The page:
December 05, 2011
Autodesk, best known for its flagship design software AutoCAD, began migrating several of its popular simulation applications to the cloud last year. Last week, as part of Autodesk University, the company cemented its cloud focus with the introduction of its new cloud-based PLM (product lifecycle management) offering called "Autodesk 360." The move to the cloud is reflective of the company's physical growth. This year Autodesk significantly expanded its San Francisco office footprint to occupy 150,000 square feet. Financially, the software vendor has been exceeding analyst expectations, with profit up nearly 36 percent for the most recent quarter.
In preparing for the Autodesk University event, which took place in Las Vegas last week, the company's Chief Executive Officer Carl Bass spoke with the San Francisco Chronicle to discuss the company's strategy.
In the interview, Bass noted that "moving stuff to the cloud" is a "huge shift" for the company. "The cloud allows us to do two things for our customer," he explained. "Most design, engineering and creation processes involve collaboration, coordination and communication among people and the cloud is really great for that. The other thing is that most of what our customers do requires a lot of computing power."
Bass goes on to explain how cloud enables unprecedented design and testing opportunities at a reasonable cost. Every idea needs to be backed up with computer-testing, and each test moves towards an ideal finalized design, but the number of iterations that can be performed are limited by real-world constraints, namely time and money. High-end computers generally allow you to run one test faster, but the real magic comes after many iterations and that means scaling out your computer resources, one of the hallmarks of cloud computing.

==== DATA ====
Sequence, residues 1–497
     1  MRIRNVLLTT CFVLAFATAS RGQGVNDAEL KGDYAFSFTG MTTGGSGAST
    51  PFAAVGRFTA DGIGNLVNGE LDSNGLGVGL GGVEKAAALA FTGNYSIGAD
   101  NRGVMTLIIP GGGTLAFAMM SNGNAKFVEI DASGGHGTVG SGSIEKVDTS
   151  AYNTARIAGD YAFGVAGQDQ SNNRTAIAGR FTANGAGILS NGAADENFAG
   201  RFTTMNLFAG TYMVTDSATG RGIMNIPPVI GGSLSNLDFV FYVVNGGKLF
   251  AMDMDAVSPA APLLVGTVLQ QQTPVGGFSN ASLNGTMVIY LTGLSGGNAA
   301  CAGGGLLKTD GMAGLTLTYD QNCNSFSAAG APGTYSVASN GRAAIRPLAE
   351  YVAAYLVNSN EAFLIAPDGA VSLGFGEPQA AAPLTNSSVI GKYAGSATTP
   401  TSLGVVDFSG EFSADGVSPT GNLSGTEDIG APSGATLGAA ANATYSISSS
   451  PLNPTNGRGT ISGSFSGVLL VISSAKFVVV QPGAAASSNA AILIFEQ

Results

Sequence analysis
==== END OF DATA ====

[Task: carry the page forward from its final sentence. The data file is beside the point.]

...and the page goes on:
"As opposed to just making a single iteration go faster," says Bass, "I can now explore this space and get answers to my questions in a reasonable amount of time. I can do 1,000 questions in the 15 minutes it used to take to get one answer."
The article also comments on how Autodesk has been opening up its 3D design tools to hobbyists and small manufacturers. This, along with other trends, such as the rise of commodity 3D printers, are helping make small-scale manufacturing processes economically-viable again. Cloud computing also supports this flattening of the supply chain by making high-level compute resources available on-demand, on an as-needed basis. The maker movement, economic realities, support for small-scale manufacturing and the availability of service-based computational and storage resources (i.e., the cloud) are all working together to change the manufacturing landscape.
Full story at San Francisco Chronicle
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